The rights of indigenous peoples have been rendered tangible through personal narrative; and these narratives have contributed to challenging the legal status quo. Somewhat underrepresented in narrative approaches to legal discourse is research that invokes structuralist work on narration and deals specifically with categories of temporality, tense, internality or externality, and reliability. In German statutes one finds similarly impersonal narration about anonymous agents involved in a sequence of hypothetical actions, e. Depending on how wide or narrow their definition of narrative is, some narratologists will argue that this law does not meet the minimum requirements of experientiality, eventfulness, human-like agency, etc. This pattern differs considerably in preambles, where allusions are made to political collectives as a strategy of legitimation von Arnauld : Noting the rhetorical differences between impersonally and personally narrated legal texts and their ideological effects can be achieved through attention to the specific narrative qualities of law. Most pressingly, the issue of how to deal with narrative arises in legal interpretation.

This entails the application of codified law or precedent judgments to the case at hand according to competing rules of application and it raises issues of narrative intentionality. In the US, debate continues about whether the Constitution should be interpreted according to the presumptive original intentions of those who composed it, the exact semantic meanings of the words at the time an act or amendment was enacted, or according to the general purpose of the enactment, which has to be viewed contextually.

This debate has enduring political consequences, as recent US Supreme Court decisions regarding campaign financing and healthcare have amply shown. Legal interpretation concerning European Community law functions differently, as does the application of codified law in civil law systems. Thus recent efforts to homogenize European law and rules of application interface with narratological concerns, as methods of interpreting narrative texts may be variously based on intrinsic textual signals, linguistic concerns, extratextual realities, or historical contingencies.

The insight that legal discourse is not autonomous but inextricably bound to its historical context can be attributed to many sources including Friedman , who argued that a legal system is indivisible from the legal culture through which it is understood, and Cover On the one hand, law is rendered comprehensible through narrative. On the other hand, law is embedded in the cultural narratives that frame it. Hence legal prescriptions cannot be separated from the narratives that situate, explain, and legitimize their prerogative. As a consequence, Cover argues that not only do trials represent contests between narratives, but so do all legal texts as they are interpreted, re-interpreted, and applied over time.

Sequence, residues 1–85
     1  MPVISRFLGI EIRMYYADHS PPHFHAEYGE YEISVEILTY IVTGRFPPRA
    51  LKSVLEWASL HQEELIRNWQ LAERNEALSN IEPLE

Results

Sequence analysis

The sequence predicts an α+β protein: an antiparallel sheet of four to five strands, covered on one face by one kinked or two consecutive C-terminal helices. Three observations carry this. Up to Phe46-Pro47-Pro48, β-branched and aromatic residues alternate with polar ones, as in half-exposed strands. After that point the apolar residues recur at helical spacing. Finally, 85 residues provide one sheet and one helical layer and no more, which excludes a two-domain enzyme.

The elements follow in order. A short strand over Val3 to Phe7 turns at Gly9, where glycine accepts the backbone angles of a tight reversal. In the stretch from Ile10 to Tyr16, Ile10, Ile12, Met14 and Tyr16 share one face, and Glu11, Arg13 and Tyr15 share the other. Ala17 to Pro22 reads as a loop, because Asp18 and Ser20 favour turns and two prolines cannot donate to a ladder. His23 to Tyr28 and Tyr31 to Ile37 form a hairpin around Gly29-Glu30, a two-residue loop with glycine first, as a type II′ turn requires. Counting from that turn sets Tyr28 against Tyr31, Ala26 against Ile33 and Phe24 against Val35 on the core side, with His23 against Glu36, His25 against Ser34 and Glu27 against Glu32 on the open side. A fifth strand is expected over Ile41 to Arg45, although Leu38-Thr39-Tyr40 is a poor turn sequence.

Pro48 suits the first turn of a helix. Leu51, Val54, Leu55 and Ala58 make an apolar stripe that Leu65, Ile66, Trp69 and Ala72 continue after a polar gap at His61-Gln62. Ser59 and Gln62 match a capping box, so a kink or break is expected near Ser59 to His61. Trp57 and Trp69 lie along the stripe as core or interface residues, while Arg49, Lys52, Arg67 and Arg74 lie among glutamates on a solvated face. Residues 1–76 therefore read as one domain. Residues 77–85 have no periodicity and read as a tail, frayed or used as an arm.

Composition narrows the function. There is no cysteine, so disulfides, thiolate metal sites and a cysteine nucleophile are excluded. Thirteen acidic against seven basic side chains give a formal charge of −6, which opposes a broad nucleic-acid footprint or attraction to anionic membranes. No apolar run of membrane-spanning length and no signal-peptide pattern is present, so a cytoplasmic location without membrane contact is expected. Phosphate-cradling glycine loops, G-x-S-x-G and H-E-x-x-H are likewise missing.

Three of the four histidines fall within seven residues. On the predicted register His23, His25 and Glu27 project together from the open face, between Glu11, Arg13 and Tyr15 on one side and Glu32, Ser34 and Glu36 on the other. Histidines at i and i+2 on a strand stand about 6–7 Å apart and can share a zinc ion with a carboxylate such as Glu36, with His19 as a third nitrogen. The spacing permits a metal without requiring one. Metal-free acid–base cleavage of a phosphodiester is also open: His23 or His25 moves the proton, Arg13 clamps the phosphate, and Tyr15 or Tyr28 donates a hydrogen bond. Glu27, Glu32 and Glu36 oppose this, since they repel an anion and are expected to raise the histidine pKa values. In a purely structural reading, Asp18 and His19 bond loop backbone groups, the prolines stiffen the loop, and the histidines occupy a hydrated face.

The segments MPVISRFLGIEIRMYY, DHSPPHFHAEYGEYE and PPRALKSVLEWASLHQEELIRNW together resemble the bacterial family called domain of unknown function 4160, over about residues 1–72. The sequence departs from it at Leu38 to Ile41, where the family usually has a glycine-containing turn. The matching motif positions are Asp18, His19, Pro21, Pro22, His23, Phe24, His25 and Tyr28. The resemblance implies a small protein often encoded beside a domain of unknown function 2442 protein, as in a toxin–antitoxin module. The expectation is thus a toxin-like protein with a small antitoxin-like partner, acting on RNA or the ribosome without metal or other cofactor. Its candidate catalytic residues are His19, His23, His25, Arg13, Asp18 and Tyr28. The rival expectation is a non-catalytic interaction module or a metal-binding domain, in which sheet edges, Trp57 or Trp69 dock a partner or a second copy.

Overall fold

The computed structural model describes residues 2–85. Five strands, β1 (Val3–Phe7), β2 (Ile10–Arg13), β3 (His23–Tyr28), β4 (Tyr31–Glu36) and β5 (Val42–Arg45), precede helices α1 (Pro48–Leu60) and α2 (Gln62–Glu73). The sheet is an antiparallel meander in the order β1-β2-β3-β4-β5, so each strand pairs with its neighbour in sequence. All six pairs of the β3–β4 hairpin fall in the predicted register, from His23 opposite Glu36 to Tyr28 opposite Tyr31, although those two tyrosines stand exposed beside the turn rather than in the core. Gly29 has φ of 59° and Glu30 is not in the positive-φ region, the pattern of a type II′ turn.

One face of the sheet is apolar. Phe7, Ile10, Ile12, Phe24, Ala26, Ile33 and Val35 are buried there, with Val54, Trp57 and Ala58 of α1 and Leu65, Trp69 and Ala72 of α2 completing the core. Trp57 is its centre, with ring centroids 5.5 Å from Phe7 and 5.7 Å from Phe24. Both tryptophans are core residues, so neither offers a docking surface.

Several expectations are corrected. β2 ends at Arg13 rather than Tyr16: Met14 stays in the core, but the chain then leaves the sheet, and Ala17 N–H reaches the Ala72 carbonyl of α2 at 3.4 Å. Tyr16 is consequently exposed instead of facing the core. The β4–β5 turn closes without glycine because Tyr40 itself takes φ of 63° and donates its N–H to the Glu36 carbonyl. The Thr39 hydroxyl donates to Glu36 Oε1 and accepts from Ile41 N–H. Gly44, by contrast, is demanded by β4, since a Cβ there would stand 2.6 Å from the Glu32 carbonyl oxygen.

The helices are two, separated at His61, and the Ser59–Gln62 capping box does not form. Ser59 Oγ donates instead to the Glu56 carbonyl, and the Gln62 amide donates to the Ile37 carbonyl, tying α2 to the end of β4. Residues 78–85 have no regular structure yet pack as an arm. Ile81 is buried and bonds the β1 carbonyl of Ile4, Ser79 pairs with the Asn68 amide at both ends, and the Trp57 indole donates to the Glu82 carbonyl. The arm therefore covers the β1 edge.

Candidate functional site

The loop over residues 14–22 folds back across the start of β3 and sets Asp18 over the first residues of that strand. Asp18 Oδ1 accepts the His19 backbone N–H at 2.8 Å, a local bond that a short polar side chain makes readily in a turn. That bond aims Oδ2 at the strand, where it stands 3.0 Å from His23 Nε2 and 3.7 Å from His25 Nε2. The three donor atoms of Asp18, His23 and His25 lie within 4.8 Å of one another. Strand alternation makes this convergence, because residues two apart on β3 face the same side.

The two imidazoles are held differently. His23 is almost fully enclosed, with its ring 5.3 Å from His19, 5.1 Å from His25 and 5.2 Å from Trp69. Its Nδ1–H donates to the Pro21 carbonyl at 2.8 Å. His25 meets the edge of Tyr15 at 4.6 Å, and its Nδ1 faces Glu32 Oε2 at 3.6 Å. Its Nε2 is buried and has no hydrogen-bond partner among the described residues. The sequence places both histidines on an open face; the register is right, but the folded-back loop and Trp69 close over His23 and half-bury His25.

Narratives of law also extend into the future in normative projections of their effects.

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Legal decisions can represent corrective counterfactual readings of the present as in Brown v. Board of Education , which deemed the regular practice of segregating school children on the basis of race unconstitutional. Constructing the historical narrative of a given body of law depends on the legal system in which it transpires and on the sociocultural factors that inform its historicization.

Another form of narrative analysis investigates how literary narratives and their forms participate in altering legal processes. This work has concentrated mostly on the 18th and 19th centuries; it unites genre investigations with narratology and historical investigations of legal procedures. Thus Bender argues that the English novel anticipated the end of public executions; Grossman contends that forensic novels occasioned a new awareness of the courtroom as a site for relating individual, clashing stories.

Scholars such as Miller , Thomas , , and Gladfelder demonstrate how protocols of law and citizenship have intersected with novelistic prose and its representation of consciousness. Further, a narratologically informed investigation of law may alter the manner in which narrative and narrativity are understood. Narrative studies of legal discourse favor texts with overtly narrational elements such as appellate and Supreme Court opinions.

Yet the norms transported through legal narratives are disseminated through symbols and images as well as language.

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From a narratological standpoint, open questions include: how does the framing of legal narratives through interpretive schemata and generic conventions differ from that of other types of narratives? How do legal hypotheticals and possible worlds theory relate? Might narrator unreliability be better understood through recourse to assessments of witness reliability?

And will such premises change as legal systems become increasingly hybridic? Primary tabs View active tab Revisions. Greta Olson.

Differential discourse processing and discursive formation